What are the signs of Cold Water Shock?
- The first sign of Cold Water Shock is a gasp for breath, followed by rapid breathing (also known as hyperventilation).
- As you lose control of your breathing, your blood pressure will shoot up as your body tries to keep your blood warm by moving it towards the middle of your body.
Once your breathing is back under control, this is your window to get out of the water before the further effects of cold water shock kick in.
- As your muscles cool, your strength, endurance and muscle control will reduce and you'll likely find you can no longer swim. This is called ‘swim failure’ and, if you haven’t got out of the water or managed to get hold of a buoyancy aid, by this time, you will drown.
Is Cold Water Shock really responsible for lots of drownings?
- All waters around the UK are cold enough to induce the cold shock effects, even in summer months
- More than 60% of drownings involve people who have ended up in the water by accident
- A sudden rise in blood pressure can be fatal for people with a pre-existing heart condition. Each year a number of people who are suspected of drowning, turn out to have had a heart attack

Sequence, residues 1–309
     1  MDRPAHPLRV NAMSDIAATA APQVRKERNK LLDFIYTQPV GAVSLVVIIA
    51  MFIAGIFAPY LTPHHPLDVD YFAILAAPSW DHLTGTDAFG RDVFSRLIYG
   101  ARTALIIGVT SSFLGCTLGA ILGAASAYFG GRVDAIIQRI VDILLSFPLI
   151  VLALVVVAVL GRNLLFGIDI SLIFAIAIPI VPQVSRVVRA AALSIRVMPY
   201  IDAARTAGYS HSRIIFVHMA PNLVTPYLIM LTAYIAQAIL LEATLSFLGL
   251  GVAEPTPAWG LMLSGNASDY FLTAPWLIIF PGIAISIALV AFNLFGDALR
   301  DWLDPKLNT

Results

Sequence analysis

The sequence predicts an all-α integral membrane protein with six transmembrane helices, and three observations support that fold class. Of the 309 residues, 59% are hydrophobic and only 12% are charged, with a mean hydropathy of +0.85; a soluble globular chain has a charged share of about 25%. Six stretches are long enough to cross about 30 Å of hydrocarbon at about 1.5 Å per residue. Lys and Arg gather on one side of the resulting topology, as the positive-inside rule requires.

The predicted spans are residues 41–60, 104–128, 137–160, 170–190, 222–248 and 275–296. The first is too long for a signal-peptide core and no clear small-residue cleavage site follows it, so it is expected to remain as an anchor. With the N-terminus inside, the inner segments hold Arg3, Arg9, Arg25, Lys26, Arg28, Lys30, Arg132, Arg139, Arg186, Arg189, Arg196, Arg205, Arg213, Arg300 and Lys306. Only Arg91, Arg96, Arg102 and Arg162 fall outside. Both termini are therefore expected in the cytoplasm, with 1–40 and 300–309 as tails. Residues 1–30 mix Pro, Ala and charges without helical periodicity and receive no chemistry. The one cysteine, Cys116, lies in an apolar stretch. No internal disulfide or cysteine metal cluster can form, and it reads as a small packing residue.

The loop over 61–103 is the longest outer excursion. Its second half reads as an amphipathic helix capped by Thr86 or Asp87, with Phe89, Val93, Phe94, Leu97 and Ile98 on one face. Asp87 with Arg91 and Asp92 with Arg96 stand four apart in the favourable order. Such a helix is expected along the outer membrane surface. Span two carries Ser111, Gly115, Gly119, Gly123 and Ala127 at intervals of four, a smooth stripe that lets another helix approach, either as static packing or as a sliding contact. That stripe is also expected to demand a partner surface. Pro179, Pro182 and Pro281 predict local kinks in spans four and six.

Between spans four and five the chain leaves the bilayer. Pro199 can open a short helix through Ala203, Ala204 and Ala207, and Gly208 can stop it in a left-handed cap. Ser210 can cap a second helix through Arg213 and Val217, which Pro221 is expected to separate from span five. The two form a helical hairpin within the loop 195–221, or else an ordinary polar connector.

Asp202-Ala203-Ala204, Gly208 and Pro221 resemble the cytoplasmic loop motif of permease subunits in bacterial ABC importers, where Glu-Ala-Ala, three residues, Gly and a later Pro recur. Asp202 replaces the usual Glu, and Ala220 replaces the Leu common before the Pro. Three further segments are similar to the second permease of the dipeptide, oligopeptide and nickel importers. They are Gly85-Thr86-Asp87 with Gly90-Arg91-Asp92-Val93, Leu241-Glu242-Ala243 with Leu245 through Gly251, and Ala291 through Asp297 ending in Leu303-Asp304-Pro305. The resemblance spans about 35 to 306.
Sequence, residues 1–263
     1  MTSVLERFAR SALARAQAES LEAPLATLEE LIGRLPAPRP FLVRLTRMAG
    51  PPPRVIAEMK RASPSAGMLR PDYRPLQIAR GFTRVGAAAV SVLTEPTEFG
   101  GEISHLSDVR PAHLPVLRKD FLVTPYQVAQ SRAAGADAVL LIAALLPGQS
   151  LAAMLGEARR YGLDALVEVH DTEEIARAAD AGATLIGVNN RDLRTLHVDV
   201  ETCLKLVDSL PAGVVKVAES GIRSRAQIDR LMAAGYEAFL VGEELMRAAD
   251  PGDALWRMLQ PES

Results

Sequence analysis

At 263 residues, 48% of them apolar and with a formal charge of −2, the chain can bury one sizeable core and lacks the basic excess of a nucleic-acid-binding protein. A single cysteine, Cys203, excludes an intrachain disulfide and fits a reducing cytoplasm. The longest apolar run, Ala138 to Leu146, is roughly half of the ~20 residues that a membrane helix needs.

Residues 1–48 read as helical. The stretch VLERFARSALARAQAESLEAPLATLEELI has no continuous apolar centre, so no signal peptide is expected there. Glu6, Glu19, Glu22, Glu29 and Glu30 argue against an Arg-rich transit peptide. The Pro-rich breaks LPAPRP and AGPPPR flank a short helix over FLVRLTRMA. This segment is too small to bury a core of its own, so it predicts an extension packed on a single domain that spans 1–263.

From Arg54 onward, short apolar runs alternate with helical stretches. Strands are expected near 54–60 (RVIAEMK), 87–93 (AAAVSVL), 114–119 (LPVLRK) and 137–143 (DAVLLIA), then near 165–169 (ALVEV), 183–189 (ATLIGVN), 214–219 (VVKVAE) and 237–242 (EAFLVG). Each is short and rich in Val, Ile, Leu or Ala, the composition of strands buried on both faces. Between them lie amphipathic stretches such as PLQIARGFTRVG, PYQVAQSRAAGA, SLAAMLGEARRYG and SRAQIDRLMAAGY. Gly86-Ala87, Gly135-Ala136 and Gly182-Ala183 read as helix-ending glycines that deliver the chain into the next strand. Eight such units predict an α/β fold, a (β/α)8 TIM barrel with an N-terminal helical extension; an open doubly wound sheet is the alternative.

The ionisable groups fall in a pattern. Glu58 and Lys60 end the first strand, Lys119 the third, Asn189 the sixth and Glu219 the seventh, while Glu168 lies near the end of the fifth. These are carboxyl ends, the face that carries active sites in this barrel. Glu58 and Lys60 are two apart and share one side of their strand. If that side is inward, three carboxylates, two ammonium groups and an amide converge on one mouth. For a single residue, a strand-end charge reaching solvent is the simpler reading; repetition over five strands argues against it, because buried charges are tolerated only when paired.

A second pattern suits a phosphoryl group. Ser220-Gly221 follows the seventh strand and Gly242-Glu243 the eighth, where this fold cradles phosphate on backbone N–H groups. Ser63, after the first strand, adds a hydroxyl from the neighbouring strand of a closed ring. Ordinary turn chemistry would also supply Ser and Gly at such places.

- Studies show that people’s ability to swim in cold water is much less than their ability in a warm swimming pool
- Survivors of drowning have described how the effects of cold water shock made it difficult for them to survive
What should you do if you fall into the water?
First, keep your mouth away from the water until you have your breathing back under control, you can do this by rolling onto your back and floating or paddling to stay at the surface.
Then, don’t waste any time and swim towards an exit before your muscles start to cool. If you aren't able to exit the water, swim towards something that will help you to stay afloat whilst you are calling for help.
Finally, once you are out of the water re-warm yourself as soon as you can to avoid hypothermia.